The obvious, and sensible course of action is to carefully loosen the crown cap of each bottle to release the pressure, and then re-cap it.
Will I do that? I'm not sure at this stage. I'll try a few more and then decide.
I'll keep you updated on that brew, and my next post will be all about pressure barrels.
Thanks for reading!
We are trying to rehome our truly lovey Patterdale x terrier, Kevin, with full history known in advance.
He is a Patterdale x JR, 4 yrs old, chipped, neutered, inoculated. Travels in footwell of car.
He is dark brown, one ear up, one down. He smiles and attempts to laugh. He is keen, bright and eager to please.
House trained and can use a cat flap.
He isnt trustworthy with other dogs and he isnt used to young children.
He doesnt yap and is happy to be left should the need arise.
He is scared of our cat. However, he chases anything else and that may cost him his life.
He has one major flaw which may cost him his life.
Perhaps it should but his vet has suggested trying honest reHoming in urban area first and lead walked forever more.
He has killed a lamb, his second offence, 14 months apart. He injured 4 others.
The farmer didn't shoot him but has insisted a new, urban secure home is found for him.
He is surrounded on all sides here with sheep and we cannot contain him 24/7.
He is an escapeologist and runs through electric fences etc is after quarry.
Please don't critise - we have tried everything since his first attack last year.
Our sympathies lie fully with the farmer. We are mortified.
Time for him to go now, or be put to sleep.
I love meat. Im a carnivore (besides the odd apple) but Christmas brings a dilemma. You see I hate turkey, to me it is a bland tasteless meat so I must look elsewhere for my festive grub. I found it too: goose and duck. Fabulous meats and when cooked right can knock yer tastebuds into next week. I will add pics once completed.
How many murderers are executed every year in the United States these days? Forty? Fifty? I think I can safely say that its certainly not over sixty. If I was an Anti Death Penalty supporter I would be pretty happy with those figures. With that rate they soon won't be strapping anyone to a gurney, and as less are indeed getting sentenced to death by American courts this is exactly whats happening. Its easier for opponents to get some thing abolished if support is low and surely it must be if a mere fifty or so killers are sent to the death chamber.
Let me put it like this: if I was the ruler of a country and one of my aides told me, "look we might as well scrap hanging criminals because we only execute fifty a year anyway," I would probably go along with it. Its half hearted, and bordering on lenient, so why bother continuing it Id think to myself. Its almost guaranteed that it won't deter any future murderers if deterence is the reasoning behind capital punishment. (I personally believe it shouldn't be and that punishment is the sole reason).
Of course if the USA want to be rid of the death penalty, then they are on the correct path because the numbers will keep dropping and dropping until....well they end up with no death rows. One only has to look at Britains history with capital punishment for proof of what I say. In the seventeenth and eighteenth centuries we hanged people like there was no tomorrow. Even common thieves and sheep rustlers were not spared the walk to the gallows in our enthusiasm to bring lawbreakers to justice. Heck audiences flocked to public executions like rugby matches today (numbers ranged from 30,000 to an incredible 70,000), and stalls sold foor and drink to the ghoulish crowds. It was we Brits who turned hanging into a science when William Marwood developed the 'long drop' and Albert Pierrepoint perfected it. None executed with more zest than the United Kingdom.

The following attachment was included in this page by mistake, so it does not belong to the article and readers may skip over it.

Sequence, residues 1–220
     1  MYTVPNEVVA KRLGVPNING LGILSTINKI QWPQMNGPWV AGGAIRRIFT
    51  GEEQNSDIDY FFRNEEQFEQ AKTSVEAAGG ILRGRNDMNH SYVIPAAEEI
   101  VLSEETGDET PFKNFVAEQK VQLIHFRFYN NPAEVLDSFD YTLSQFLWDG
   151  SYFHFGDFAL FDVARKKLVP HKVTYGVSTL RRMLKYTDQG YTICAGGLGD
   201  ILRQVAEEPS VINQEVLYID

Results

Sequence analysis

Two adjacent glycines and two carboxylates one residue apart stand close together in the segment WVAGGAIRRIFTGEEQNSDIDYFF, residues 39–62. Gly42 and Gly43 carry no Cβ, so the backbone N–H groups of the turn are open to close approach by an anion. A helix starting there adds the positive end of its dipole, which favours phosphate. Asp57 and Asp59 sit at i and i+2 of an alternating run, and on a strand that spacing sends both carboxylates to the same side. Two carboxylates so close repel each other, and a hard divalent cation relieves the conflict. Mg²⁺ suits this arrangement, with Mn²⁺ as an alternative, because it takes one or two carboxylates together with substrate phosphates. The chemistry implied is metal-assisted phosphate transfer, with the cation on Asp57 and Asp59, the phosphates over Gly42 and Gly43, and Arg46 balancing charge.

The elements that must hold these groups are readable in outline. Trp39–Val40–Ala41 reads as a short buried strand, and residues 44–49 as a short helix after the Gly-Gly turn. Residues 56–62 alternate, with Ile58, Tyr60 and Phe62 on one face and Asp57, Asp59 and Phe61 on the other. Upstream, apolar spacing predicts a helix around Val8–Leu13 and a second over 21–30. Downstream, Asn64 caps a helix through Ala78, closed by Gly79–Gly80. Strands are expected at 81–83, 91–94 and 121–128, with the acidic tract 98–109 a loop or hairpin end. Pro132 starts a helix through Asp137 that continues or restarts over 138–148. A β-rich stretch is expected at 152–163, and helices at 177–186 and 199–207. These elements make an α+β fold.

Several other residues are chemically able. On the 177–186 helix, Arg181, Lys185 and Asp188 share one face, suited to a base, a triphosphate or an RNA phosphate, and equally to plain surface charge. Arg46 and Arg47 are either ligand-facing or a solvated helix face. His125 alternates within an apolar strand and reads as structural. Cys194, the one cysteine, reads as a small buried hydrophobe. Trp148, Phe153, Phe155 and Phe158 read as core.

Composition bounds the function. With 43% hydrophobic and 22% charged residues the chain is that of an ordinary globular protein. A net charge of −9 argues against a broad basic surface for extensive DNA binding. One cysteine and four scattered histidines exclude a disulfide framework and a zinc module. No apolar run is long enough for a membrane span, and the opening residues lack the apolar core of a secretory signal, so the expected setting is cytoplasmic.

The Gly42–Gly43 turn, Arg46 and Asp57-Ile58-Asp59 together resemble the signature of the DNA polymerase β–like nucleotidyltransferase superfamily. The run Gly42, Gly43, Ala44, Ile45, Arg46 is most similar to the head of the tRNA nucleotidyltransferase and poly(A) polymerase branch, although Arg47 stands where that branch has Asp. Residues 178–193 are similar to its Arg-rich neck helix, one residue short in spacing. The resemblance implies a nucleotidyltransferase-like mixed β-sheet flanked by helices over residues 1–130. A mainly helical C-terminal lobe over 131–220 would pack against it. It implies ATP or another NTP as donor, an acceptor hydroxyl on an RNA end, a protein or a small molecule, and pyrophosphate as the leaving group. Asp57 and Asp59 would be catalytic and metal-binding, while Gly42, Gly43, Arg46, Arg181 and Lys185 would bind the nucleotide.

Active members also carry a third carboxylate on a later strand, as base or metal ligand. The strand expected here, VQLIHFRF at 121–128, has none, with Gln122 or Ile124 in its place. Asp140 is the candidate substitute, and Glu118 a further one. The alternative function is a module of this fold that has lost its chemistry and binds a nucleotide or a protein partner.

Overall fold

But for how long?
And look at us today. The number of death sentences, or more importantly the number actually carried out, began falling in the early 1900's until in 1969 we abolished it completely. Our last hangings were in 1964. So you can see how abolishment creeps up, almost without the general public (especially the majority who take no interest in the subject) ever realising it. I believe its happening in America right now. According to statistics online the number of executions as well as newly imposed death sentences slumped to record low levels in 2011. Also the governor of Illinois put a stop to executions in his state and don't think for one minute that other states won't look at this and think of following it. Once the rot (some call it enlightenment) starts its hard to stop it spreading. We Brits know this and if the Americans have any desire to carry on executing its murderers they would do well to learn from our mistake. (Mistake or victory depending which side of the fence you stood of course).
Could it be that Americans (or its movers and shakers) have been actually listening to European countries when they keep on saying that the death penalty is barbaric and uncivilised? Americans don't like to be seen taking the lead from others, they like to be leaders, and my guess is they have looked around at all of the countries where execution has been scrapped and it has made them uncomfortable being one of the few left who carry it out. Especially when you consider the company they are in. (And I would like to make this clear here, I personally don't regard places like Iran as backward but it seems that some in the Anti death penalty movement do because they enjoy snootily informing us that Americans are in doubtful company when it comes to executions).